Comfort is the key to Arizona women's golf diverse recruiting
All universities have their selling points. For some, it’s the location; for others, it might be the facilities. Here at the UA, for golf, it’s the family.
Wildcat women’s golf features players from Australia, France, Spain, California, Oregon and Arizona.
Each has her own reasons for coming to the UA, but they were all able to agree on one thing that brought them here: how comfortable they felt in Tucson.
“The feeling I got when I came here was a sense of home, and a sense that they care just as equally about the golfers as they do any other sport,” freshman Jessica Vasilic said. “It was a feeling of acceptance.”
When members of the team shared experiences of their recruiting visits to the UA campus, they described a feeling of genuine care and concern that came from not only the coaching staff, but everyone involved with the team.
“All the athletes are very family-oriented, and the coaches make it feel like home,” sophomore Lindsey Weaver said. “It’s so welcoming. The team is so welcoming. We all get along great.”
Head coach Laura Ianello said she is proud of the UA’s welcoming environment.
“We take a huge part of these ladies’ lives,” Ianello said. “We’re not just their golf coaches; we truly care about them as people. We truly invest ourselves, our lives, into their lives ’cause we want them to succeed not just on the golf course, but in the classroom and in their personal lives.”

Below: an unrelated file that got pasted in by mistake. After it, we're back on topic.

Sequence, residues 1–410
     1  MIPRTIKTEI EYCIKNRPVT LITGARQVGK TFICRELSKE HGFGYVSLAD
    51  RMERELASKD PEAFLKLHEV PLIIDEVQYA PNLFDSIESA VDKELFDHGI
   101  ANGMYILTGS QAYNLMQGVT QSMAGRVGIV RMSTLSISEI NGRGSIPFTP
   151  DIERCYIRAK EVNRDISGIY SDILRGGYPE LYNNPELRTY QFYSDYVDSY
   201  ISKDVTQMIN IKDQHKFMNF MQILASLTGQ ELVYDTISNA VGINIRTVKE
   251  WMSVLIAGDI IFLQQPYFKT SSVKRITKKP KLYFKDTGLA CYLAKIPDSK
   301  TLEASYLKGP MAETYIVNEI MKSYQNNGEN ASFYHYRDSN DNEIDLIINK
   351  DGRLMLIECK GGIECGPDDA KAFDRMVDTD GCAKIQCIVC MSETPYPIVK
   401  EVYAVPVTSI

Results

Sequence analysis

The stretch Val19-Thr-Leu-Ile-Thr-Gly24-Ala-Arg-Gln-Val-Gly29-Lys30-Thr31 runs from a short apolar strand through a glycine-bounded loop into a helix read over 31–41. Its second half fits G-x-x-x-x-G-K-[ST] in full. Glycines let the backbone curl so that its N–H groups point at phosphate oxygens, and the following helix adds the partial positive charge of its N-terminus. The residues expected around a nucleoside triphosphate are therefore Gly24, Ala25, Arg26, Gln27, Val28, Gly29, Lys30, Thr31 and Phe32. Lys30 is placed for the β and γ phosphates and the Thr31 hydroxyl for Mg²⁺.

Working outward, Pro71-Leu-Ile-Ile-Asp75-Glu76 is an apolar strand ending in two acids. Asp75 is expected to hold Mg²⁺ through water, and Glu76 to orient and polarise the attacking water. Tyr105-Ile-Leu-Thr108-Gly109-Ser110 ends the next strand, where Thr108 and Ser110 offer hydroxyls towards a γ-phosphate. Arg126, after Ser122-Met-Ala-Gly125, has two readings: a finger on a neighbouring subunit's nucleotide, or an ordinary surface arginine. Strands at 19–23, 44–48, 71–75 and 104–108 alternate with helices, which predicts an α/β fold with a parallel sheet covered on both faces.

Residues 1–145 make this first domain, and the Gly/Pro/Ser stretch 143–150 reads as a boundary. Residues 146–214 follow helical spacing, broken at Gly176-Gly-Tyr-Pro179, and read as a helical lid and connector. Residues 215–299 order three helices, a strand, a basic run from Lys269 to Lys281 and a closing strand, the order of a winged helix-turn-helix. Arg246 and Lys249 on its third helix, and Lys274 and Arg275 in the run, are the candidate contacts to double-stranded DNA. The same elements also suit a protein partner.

Ianello’s philosophy has its origins in the time she spent at the UA as a student-athlete from 1998-2003.
“I remember my coaching staff, Greg Allen and Jody Dansie,” Ianello said. “When I was here, they made it a family.”
This sense of family can be necessary when dealing with so many student-athletes that are far from home. Junior Andrea Vilarasau is from Spain and said she was not interested in studying abroad until she had the opportunity to meet Ianello and visit the UA campus.
“[Ianello] made me feel comfortable, and made me feel like I was going to have my temporary home here,” Vilarasau said.
Now that Vilarasau is a junior, she is able to help other international players with the adjustment to college life and life in the U.S.
The high number of international players creates a lot of learning opportunities for each of the team members.
“We are definitely a cultured team,” Vasilic said. “We as people will grow because we’re being exposed to so many different things.”
It is these kind of experiences that will help Ianello reach her goal of ensuring that those on her team become not only better players under her watch, but also better people.
“It’s so wonderful for these ladies to look outside the box and realize that there’s more people than just from what they came from,” Ianello said. “There’s great people all over the world, and it’s good to open your heart and become friends with different cultures to build a family unit.”
—Follow Fernando Galvan @fgalvan35